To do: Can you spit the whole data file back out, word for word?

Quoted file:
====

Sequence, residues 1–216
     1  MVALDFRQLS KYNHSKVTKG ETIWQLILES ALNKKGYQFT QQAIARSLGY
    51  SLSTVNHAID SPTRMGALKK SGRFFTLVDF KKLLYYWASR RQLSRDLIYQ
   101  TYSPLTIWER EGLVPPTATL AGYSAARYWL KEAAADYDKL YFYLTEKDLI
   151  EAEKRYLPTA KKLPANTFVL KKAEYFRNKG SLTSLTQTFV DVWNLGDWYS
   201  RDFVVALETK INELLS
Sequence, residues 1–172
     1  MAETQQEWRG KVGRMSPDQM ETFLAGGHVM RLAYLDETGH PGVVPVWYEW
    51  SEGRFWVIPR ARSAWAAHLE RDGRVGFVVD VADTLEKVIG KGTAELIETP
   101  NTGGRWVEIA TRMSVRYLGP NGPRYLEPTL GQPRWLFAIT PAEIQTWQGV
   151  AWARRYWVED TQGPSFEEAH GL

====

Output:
Sequence, residues 1–216
     1  MVALDFRQLS KYNHSKVTKG ETIWQLILES ALNKKGYQFT QQAIARSLGY
    51  SLSTVNHAID SPTRMGALKK SGRFFTLVDF KKLLYYWASR RQLSRDLIYQ
   101  TYSPLTIWER EGLVPPTATL AGYSAARYWL KEAAADYDKL YFYLTEKDLI
   151  EAEKRYLPTA KKLPANTFVL KKAEYFRNKG SLTSLTQTFV DVWNLGDWYS
   201  RDFVVALETK INELLS
Sequence, residues 1–172
     1  MAETQQEWRG KVGRMSPDQM ETFLAGGHVM RLAYLDETGH PGVVPVWYEW
    51  SEGRFWVIPR ARSAWAAHLE RDGRVGFVVD VADTLEKVIG KGTAELIETP
   101  NTGGRWVEIA TRMSVRYLGP NGPRYLEPTL GQPRWLFAIT PAEIQTWQGV
   151  AWARRYWVED TQGPSFEEAH GL